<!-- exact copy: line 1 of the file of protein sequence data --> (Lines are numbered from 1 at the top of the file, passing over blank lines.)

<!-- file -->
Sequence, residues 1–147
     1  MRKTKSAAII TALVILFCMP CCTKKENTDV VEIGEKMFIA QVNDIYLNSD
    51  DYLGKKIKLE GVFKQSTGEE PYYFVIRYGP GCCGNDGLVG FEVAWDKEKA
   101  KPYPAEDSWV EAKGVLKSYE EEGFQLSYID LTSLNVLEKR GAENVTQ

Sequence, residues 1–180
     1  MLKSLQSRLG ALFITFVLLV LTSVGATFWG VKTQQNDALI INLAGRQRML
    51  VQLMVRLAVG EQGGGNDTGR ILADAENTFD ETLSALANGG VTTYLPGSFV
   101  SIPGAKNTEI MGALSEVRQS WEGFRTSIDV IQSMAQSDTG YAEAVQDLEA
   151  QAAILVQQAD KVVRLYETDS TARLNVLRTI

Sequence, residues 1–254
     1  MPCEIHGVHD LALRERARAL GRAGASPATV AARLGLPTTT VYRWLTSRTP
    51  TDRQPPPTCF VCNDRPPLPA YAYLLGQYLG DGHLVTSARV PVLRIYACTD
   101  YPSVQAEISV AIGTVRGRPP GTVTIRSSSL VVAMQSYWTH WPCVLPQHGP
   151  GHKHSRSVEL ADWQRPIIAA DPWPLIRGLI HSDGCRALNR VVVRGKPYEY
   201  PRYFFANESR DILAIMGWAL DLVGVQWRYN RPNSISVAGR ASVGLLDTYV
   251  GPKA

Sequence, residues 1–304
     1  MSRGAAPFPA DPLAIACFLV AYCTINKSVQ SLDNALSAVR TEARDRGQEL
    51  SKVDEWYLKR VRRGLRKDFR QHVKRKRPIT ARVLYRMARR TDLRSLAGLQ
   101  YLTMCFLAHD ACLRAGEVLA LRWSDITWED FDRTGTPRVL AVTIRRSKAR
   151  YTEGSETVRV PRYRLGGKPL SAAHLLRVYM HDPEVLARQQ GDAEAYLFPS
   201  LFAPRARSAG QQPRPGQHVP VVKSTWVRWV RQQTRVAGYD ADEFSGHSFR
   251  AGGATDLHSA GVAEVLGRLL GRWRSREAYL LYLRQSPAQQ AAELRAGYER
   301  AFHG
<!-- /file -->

Sequence, residues 1–147